Wednesday, July 14, 2010

Fifty years at Gombe

Today marks the 50th anniversary of the beginning of the research, begun by Jane Goodall, on the chimpanzees that inhabit the Gombe Stream area on the shores of Lake Tanganyika in Tanzania. This groundbreaking, dare I say it, ethnographic study of this community of chimps has contributed enormously to our knowledge about these cousins of ours.

One of the stars of the research was Flo (ca. 1929–1972), the matriarch of the "F Family," pictured here. She is the only chimpanzee to have an obituary published in the Times of London. She's shown here fishing for termites, one of the cultural activities possessed by this community that anthropologists were not aware of prior to this research.

As reported on the Smithsonian Magazine web site, the Gombe chimps have taught us lots of interesting things about chimps, including the following (the bolded lead is from the web site; the comments that follow are mine):
  • Chimpanzees eat meat.  Not all chimp communities do this, but at Gombe and in other places both males and females hunt monkeys, small antelopes, and other game, and then share the meat afterwards.
  • Chimpanzees use tools.  These include chewed up leaves for sponges, plant stems for termite fishing, and even stones for breaking open certain hard-shelled fruits. Again, the exact repertoire varies from group to group and reflects social learning passed on mostly from mothers to their offspring.
  • Chimpanzees engage in warfare.  I'm not sure I'd call it warfare, but yes, the group at Gombe sends out its males from time to patrol the borders of their territory, and they have been known to systematically attack and kill members of neighboring communities.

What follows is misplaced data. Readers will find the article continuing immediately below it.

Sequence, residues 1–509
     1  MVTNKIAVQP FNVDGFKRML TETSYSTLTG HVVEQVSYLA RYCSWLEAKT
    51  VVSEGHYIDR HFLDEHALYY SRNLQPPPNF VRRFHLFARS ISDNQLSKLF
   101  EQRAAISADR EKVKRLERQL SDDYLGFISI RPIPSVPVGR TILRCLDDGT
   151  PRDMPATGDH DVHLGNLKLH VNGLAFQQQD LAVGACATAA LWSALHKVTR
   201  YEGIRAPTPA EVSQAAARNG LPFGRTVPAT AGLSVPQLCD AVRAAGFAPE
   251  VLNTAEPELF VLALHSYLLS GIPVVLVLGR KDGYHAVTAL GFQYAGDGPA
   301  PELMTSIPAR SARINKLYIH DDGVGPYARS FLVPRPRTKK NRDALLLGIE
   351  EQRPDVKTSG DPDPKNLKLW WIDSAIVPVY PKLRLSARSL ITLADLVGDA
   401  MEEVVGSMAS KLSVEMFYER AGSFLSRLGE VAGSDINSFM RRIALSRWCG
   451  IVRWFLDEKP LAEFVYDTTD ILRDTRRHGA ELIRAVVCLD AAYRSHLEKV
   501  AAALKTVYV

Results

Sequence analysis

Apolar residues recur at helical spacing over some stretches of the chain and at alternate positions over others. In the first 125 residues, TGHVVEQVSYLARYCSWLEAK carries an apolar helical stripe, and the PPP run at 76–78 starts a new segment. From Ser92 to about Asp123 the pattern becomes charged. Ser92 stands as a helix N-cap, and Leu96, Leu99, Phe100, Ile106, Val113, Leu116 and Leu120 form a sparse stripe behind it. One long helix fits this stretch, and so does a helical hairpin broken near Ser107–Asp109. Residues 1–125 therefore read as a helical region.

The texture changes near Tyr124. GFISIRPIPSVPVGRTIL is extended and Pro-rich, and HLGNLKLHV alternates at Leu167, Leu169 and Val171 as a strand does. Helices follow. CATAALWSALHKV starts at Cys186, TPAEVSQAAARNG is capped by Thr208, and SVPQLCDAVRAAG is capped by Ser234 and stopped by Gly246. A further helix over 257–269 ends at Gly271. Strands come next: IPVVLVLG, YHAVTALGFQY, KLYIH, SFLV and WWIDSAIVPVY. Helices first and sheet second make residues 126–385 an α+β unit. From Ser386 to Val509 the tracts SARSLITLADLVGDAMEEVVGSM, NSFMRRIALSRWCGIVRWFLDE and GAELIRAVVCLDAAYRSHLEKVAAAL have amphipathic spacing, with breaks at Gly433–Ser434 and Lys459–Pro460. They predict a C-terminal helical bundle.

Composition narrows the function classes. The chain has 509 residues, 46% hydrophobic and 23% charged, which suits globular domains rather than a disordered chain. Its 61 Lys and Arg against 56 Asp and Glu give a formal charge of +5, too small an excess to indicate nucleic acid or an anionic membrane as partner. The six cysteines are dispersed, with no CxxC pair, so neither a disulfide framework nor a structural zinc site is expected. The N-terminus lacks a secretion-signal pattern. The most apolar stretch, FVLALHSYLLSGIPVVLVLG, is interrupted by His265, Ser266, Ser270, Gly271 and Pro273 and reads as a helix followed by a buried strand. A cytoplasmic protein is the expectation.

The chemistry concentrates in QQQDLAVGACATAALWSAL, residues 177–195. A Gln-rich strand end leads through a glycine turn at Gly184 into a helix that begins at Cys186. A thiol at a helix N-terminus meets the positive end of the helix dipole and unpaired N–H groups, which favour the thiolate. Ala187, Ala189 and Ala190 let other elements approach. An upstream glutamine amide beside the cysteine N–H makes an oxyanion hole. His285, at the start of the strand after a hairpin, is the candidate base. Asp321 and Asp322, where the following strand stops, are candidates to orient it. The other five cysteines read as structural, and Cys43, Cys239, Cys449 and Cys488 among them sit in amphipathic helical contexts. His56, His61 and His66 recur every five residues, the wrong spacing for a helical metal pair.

• Chimpanzees can be cannibals.  As can humans.  This is apparently extremely rare, though, and involved a mother and daughter stealing infants and killing and eating them.
  • Chimpanzees have complex social relationships.  Chimps live in ranked societies. There is a hierarchy for females as well as males, and the highest ranking males are usually the sons of high-ranking females. The core of the group is a mother and her children. Chimps are promiscuous, and while chimps normally know very well who their mothers are, they do not know their fathers. They also know their siblings, and sex between siblings, as well as between mothers and sons, is very rare. Females frequently seek a male from a neighboring group to mate with.
All in all, the Gombe chimps have shown us that these fellow primates have individual personalities, socially transmitted culture*, and complex lives.  Let's hope we don't send them into oblivion with our homocentric arrogance and short-sightedness.

*Really, proto-culture, that is, culture without language.

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